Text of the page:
Human Resources Personal

Is burnout sustainable?

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After being diagnosed with six generalised infections in a row over the last six months, my doctor has become less and less subtle over the fact that I was basically working myself to death. The biggest irony is that our motto at Adimian is “sustainable development”.

How did I miss the elephant in the room? How did things get so bad that my doctor is filing my job as a chronic disease that’s killing me faster and faster?

Obviously, nobody starts their week by telling themselves “let’s see how much damage I can do to my health”. Some people have to live through stressful jobs, nurses, cooks, air traffic controllers, etc. But this is not my case. I manage a software company, and write software for a living. This can be stressful at times, but most people would see it as a comfortable office job position (and it could definitely be).

Build your own hell

Stress and pressure come to me in different shapes and flavors. Stress from managing a company, being profitable, making heavy financial decisions, hiring and letting go team members. Stress from customers, meeting expectations, and taking responsibility when things don’t go as expected. Stress from the family, being present as a husband, as a father.

You can usually cope with external sources of stress, there are methods, there are advices “don’t make your work define you”, “say no”, “take some time for yourself”. People will understand that you are having a lot on your plate, and sympathise.

But for some people, our hardest master is ourselves. I tend to be very understanding and positive with others, but I won’t allow myself to become sloppy or lazy. No me time in my ever ticking clock, heeding to a permanent call of (self-imposed) duty.

The highway to hell

“Just slow down” would seem like an obvious advice here. Actually every time I find myself bedridden for a whole weekend, recovering for a week of self-inflicted abuse, I swear myself I’ll just slow things down. This time I will make it, and life will become sustainable again.

Then, as usual, something seems interesting to me: “I should learn this new language”, “I should read this book”, “I should fix this complicated problem”. Next thing I remember is waking up after binge-learning or binge-reading or binge-coding. I look at myself with pride, “once more you did it, you hero”. This helps me forgetting that I just traded some of my life to acquire this new skill, and I traded quite a big chunk of it.

Just like paying some extra to get same-day delivery on Amazon, you pay a higher price for getting knowledge and skill without taking the slow road.

Neo learning Ju-Jitsu in 2 minutes, and reducing his life expectancy by 25 years. Meh, I’ll pass.

Full astern

Now you might be thinking “this is nuts, this guy should just do his 9 to 5 and get home and enjoy life and eat chimichangas”.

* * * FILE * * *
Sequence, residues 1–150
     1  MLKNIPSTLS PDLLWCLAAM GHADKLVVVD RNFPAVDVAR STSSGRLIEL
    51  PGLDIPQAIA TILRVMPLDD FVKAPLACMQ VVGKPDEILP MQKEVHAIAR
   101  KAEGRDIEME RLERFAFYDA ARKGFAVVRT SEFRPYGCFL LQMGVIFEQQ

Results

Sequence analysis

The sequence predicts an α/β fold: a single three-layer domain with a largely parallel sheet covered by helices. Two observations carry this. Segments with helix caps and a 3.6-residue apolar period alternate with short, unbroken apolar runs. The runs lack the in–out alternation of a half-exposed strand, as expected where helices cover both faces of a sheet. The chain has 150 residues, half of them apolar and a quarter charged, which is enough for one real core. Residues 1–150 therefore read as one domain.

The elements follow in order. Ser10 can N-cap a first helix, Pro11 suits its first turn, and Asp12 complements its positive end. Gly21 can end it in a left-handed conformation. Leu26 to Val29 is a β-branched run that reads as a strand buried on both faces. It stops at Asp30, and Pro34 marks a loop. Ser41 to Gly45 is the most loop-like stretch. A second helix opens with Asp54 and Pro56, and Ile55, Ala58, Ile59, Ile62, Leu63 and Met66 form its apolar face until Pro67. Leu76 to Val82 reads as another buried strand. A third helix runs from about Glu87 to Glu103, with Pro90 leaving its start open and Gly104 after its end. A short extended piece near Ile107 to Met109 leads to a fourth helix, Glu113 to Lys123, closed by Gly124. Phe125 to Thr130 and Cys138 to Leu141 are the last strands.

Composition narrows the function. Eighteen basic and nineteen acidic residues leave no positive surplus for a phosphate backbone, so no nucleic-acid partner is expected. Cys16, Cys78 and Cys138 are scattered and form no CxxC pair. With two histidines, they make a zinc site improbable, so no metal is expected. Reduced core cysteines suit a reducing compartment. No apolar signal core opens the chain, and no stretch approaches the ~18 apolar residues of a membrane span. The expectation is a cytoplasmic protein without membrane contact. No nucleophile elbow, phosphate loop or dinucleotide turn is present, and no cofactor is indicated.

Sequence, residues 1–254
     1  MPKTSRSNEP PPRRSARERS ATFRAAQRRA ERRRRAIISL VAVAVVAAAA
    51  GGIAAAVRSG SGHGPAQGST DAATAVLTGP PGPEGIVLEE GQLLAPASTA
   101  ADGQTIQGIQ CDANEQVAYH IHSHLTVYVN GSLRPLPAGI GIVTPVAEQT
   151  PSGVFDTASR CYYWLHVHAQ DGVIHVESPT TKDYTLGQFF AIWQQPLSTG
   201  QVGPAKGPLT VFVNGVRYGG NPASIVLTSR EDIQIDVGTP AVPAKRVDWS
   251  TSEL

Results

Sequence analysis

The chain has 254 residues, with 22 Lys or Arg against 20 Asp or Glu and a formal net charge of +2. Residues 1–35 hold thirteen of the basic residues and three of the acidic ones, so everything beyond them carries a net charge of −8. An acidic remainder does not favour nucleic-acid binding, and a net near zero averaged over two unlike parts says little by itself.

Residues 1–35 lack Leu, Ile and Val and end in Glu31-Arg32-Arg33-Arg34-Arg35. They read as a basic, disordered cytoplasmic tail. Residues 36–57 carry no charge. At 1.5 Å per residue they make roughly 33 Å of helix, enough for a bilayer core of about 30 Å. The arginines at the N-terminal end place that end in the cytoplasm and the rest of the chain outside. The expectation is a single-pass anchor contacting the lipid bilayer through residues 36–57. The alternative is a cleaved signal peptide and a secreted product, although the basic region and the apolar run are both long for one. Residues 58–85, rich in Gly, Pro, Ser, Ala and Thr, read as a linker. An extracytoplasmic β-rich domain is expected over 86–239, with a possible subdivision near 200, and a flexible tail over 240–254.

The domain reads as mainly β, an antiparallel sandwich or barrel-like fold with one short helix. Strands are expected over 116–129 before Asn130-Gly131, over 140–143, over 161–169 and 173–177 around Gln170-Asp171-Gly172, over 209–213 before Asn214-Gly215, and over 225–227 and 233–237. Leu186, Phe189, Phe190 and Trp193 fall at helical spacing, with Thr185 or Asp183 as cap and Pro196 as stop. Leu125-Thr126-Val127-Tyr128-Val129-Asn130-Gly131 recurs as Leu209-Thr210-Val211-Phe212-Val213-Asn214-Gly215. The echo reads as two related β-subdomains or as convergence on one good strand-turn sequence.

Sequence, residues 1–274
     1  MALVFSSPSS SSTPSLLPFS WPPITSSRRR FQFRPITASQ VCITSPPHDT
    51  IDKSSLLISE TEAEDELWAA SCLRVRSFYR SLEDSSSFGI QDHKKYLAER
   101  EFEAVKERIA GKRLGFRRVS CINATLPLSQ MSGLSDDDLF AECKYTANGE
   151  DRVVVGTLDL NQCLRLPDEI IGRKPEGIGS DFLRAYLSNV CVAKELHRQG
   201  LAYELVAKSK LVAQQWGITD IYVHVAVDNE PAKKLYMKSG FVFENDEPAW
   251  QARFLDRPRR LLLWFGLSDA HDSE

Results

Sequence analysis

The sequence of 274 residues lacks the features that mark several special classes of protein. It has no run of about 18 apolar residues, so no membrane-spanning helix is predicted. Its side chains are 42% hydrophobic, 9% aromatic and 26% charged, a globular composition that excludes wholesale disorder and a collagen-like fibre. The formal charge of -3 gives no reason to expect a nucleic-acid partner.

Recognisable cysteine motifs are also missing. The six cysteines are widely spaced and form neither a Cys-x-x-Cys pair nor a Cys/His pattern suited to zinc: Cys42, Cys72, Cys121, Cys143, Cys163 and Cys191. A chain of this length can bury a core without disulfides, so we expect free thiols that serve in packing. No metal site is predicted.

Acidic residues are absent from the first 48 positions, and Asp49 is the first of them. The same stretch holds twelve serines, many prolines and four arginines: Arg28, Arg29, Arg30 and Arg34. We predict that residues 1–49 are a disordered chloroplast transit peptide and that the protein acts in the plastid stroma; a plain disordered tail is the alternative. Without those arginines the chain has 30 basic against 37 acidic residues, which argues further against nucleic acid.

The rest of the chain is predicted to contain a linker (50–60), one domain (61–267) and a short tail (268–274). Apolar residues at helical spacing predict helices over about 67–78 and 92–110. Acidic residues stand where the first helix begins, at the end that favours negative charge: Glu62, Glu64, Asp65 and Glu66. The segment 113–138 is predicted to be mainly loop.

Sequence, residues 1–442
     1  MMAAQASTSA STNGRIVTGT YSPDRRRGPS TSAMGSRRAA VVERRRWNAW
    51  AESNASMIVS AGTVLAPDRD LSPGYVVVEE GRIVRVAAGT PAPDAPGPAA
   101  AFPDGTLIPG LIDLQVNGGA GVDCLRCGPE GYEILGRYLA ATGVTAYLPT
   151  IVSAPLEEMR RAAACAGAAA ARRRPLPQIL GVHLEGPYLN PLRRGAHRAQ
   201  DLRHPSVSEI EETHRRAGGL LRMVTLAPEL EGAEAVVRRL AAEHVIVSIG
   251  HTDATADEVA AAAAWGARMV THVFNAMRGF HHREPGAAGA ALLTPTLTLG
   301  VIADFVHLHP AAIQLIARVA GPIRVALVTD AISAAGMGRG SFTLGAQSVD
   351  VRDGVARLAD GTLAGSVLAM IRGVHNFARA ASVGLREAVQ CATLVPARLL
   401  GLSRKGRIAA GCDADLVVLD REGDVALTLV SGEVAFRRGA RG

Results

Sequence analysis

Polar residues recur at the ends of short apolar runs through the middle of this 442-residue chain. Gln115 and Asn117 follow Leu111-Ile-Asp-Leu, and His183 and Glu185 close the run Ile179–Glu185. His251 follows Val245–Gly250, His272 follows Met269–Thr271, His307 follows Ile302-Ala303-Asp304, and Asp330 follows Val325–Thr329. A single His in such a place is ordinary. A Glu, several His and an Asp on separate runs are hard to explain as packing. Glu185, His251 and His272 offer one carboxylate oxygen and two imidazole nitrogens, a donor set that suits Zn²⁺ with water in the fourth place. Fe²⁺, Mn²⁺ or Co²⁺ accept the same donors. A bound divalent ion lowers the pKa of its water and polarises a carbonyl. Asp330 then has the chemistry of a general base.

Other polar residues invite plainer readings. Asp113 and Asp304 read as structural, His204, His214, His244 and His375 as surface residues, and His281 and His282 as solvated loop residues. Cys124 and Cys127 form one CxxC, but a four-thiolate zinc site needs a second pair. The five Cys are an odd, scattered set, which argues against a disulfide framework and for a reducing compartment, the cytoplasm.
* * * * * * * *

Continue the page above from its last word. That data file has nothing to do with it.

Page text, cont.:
I would probably suffer as much, in a completely different way. See, my current work schedule might be damaging me, but I still get to do what I love. I am passionate about what I do, so when I do something, I go full speed. The opposite of full speed forward isn’t full reverse, it’s just slightly less fast.

Take me my sources of curiosity, take my books, my articles, my blog posts, my tutorials, my tweets, my newsletters; take my side projects, my oversized professional projects; take this and take the salt of my life as well. When you get yourself  high on knowledge and skill, a peaceful life is the last thing you can hope for.

Sustainable burnout then?

Do as I say, not as I do, or more precisely, take your responsibilities.

I guess there will always be people who will find me insane/weird/sick for neglecting my health to fuel my ambition. And they would be right.

I also guess that some people got the hint that to get anywhere faster than the rest, you need to take shortcuts, but those deals with the devil have paid off, and I feel now, even knowing what I know, that I was right to take these deals when I took them.

So I am torn here, between warning people and scaring them off a lot of suffering, or acknowledging them the right to harm themselves as long they are consenting to it. But since there is no consent without being informed of what lies ahead, at least take my story as a cautionary tale. Unchecked, this behaviour will lead you to sadness and despair, and you will do yourself and your relatives a lot of harm in the process. Don’t fool yourself into thinking you can control it either, or believe that it won’t happen to you because you are smarter than that. As much as there isn’t moderate passion, there is no sustainable burnout.

It’s dangerous to go alone

If you nonetheless want to take on the journey of the “fast lane”:

  • Don’t start alone. Find a trustable person, and ask them to check on you regularly (because we both know that you’re not going to call by yourself) , and quizz you about how you feel about yourself, your life, etc.
  • When you feel that life is losing its meaning, or feel like life gets too much “in the way” of your passion, this is actually a good time to take some time off, and (re)think about your priorities.
  • Set your own pace, don’t get told by unhealthy people that you should work around the clock. Especially if they justify it because they’re doing it themselves. First, you don’t know how they are coping with it. Second, burning out by passion is self-harm, burning out by request is just harm.